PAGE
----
Who is an authorized user?
An authorized user (AU) is an agent of a state department of education who has access to the NIMAC database in order to download or to assign NIMAS fileset(s) for conversion to specialized formats in accordance with established agreements with the NIMAC.
What is the Chafee Amendment to Copyright Law?
The 1996 Chafee Amendment to Copyright Law, Public Law 104-197, adds Section 121, establishing an exception to copyright infringement for the reproduction of works for use by the blind or other persons with print disabilities. The definition of blind and other persons with disabilities refers, as does IDEA, to the definition in the Act to Provide Books for the Adult Blind approved March 3, 1931. For more detailed information on copyright law and the Chafee Amendment, refer to the National Library Service's NLS Factsheet: Copyright Law Amendment, 1996.
Can the same law be interpreted in different ways?
Yes, there are ambiguities in the laws that are subject to interpretation. When questions arise, district personnel are urged to contact their district administrators and/or state AEM contact designee. Refer to the AEM State Contacts and SEA Information page for specific state information.
What about teacher-made materials?
Teacher-made materials include worksheets, tests, and other materials created by a teacher for use in a classroom that are not a part of published print materials purchased with textbooks and are not available in specialized formats from other sources. If a student requires specialized formats of published printed instructional materials, it logically follows that materials produced by a teacher will also need to be made accessible via a "locally created" process. The materials might be made accessible either in the development of the product (e.g., by using the Save-as-DAISY option in MS Word) or through another conversion option (e.g., creating a digital version by scanning the print version, creating an audio version by recording).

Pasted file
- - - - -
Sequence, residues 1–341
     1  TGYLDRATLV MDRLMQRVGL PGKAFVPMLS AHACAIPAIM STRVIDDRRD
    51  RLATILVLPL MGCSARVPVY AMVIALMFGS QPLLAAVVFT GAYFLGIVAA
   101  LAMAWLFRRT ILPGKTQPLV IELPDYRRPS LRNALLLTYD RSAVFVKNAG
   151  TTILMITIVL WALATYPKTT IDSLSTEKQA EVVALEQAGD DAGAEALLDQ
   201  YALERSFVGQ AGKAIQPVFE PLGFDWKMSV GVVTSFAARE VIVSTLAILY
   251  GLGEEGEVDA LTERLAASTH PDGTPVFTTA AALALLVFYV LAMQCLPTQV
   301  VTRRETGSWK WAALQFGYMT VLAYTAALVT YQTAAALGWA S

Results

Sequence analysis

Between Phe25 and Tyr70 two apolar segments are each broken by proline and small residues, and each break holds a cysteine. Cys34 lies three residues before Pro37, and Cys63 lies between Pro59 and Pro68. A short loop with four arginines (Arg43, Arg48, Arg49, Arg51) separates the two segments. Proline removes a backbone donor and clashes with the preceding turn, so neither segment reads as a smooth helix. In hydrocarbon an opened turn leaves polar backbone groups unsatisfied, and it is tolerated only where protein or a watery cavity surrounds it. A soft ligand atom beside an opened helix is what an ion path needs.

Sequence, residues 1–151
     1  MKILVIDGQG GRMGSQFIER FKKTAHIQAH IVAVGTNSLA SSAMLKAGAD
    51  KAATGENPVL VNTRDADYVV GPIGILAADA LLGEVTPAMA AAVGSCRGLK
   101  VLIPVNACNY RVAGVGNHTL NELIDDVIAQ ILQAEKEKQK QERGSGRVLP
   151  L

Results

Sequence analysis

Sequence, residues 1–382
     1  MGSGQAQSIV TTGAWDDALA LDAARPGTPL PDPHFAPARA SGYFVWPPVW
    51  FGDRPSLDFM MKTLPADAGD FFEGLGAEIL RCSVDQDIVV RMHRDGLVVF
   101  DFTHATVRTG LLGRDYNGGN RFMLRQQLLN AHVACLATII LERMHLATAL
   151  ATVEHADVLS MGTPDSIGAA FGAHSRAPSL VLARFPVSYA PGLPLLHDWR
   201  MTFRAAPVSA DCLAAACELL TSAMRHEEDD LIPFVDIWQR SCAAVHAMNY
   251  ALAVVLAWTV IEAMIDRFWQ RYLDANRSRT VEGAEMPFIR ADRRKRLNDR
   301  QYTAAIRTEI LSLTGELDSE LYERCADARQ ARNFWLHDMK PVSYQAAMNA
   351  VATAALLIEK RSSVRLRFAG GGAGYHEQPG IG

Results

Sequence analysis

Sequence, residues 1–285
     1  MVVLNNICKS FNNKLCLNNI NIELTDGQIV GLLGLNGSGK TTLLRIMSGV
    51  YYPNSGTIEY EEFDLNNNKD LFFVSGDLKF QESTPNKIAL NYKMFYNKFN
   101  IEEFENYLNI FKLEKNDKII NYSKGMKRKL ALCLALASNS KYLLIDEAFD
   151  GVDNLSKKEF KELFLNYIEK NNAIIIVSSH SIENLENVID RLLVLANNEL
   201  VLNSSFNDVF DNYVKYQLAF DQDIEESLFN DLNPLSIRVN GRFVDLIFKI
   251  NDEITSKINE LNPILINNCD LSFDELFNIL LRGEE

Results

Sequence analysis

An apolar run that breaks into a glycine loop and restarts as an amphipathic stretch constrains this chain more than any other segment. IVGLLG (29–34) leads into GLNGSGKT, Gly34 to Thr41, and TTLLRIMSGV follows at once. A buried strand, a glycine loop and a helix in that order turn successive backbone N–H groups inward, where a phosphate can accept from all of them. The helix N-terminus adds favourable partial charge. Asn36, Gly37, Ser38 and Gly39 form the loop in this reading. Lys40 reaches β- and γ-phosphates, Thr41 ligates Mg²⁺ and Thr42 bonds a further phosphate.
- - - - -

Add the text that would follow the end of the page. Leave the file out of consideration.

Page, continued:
Teacher-made materials and other materials that are not copyrighted can be freely shared, and a local repository for these materials can be created to reduce duplication of effort.
See "What is the 'locally created' option?" for additional information and considerations.
What other major provisions in IDEA related to AEM need to be addressed?
IDEA requires state education agencies (SEAs) and local education agencies (LEAs) or school districts to provide instructional materials in specialized formats to all students with print disabilities in a timely manner ([34 CFR 300.172(3)]).